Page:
Are We Really Bored with Board Games?

By Hassall, Carol | Sunday Mercury (Birmingham, England), January 30, 2000 | Go to article overview
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Are We Really Bored with Board Games?

Hassall, Carol, Sunday Mercury (Birmingham, England)

GAMES manufacturer Hasbro blew the final whistle on Subbuteo - only to announce it had won a reprieve a week later after an outcry from fans.

Sceptics claim the whole ploy was little more than a marketing strategy but games lovers say it proves table-top entertainment is still widely supported.

CAROL HASSALL looks at whether there is a place in the 21st century for traditional board games - or whether computers really are taking over our lives.

Draughts, possibly one of the first games we all play as children, is virtually on the verge of extinction

BUYING your own hotel before the age of 10 was nothing out of the ordinary in my family.

A spell in jail? No problem. The sentence generally only lasted five minutes anyway.

We weren't unusual. All over the world, parents and children regularly played a game of Monopoly for what could be hours at a time.

There would be the odd childish sulk, tempers would fray and the family's recognised king of luck would undoubtedly bankrupt each and every one of his relatives with increasing delight.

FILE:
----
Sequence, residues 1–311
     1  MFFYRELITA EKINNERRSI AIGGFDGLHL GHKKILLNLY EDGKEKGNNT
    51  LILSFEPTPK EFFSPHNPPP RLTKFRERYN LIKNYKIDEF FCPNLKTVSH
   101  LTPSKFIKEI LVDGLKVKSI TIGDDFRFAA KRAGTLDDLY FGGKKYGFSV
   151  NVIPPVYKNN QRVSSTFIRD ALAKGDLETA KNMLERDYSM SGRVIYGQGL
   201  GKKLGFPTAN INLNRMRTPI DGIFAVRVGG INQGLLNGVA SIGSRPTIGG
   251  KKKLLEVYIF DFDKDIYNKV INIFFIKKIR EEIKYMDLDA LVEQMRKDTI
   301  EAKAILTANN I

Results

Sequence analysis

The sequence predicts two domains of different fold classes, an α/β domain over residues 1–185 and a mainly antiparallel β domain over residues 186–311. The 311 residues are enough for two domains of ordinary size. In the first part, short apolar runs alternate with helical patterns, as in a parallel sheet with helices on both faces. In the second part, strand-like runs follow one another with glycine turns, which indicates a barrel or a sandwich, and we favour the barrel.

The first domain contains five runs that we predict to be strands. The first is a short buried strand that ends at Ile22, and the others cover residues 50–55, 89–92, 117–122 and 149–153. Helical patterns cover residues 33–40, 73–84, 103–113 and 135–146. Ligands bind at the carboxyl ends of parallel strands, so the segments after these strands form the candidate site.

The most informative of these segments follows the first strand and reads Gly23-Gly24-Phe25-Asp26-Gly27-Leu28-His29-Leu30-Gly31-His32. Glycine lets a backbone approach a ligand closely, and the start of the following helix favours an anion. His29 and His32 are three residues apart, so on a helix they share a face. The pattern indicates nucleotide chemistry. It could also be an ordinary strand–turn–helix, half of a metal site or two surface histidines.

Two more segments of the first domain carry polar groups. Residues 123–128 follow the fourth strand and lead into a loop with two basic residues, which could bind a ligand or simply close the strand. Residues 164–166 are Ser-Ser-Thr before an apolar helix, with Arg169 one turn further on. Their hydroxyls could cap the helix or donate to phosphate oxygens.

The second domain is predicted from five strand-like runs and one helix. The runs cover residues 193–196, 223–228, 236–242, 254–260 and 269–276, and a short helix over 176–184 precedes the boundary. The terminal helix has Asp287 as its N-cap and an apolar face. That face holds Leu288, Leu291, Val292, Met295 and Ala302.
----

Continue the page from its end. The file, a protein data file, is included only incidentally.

But that was part of the fun - even if you swore through tears never to play again at the end.

So the news that Subbuteo was being kicked into touch because of the popularity of computer games gave the nation the impression that no-one had time for old-fashioned games like Monopoly any more.

But how can that be? The makers themselves - none other than Hasbro, who also make Subbuteo - tell us that 500,000 are being sold every year. There are regional editions of Monopoly, such as Brumopoly, as well as international ones and even a website dedicated to strategies and the game's history.

In contrast to its earlier view that computer games were making board games redundant, a spokeswoman for Hasbro said last week: "We know that board games are as popular today as they have always been.

"Kids will play with computers but only one or two can play those games at any one time. With board games the whole family can get involved - from young kids to granny."

But how many people still play them? It is impossible to quantify but one thing is for sure - board games are alive and well.

All over the country there are clusters of people who meet regularly to sit round a table and play anything from draughts to intricate role-playing games.

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Are We Really Bored with Board Games?


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